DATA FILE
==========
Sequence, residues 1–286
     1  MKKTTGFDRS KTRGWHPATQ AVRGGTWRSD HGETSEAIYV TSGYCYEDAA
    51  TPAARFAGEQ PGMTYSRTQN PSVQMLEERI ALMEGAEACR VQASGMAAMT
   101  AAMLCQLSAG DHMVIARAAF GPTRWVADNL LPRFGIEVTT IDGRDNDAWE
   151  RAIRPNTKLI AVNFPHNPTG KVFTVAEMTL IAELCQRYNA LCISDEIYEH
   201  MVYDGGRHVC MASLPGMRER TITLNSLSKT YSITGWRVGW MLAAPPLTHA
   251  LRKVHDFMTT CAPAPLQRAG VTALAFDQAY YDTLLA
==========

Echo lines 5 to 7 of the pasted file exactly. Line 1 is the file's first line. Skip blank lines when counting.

   151  RAIRPNTKLI AVNFPHNPTG KVFTVAEMTL IAELCQRYNA LCISDEIYEH
   201  MVYDGGRHVC MASLPGMRER TITLNSLSKT YSITGWRVGW MLAAPPLTHA
   251  LRKVHDFMTT CAPAPLQRAG VTALAFDQAY YDTLLA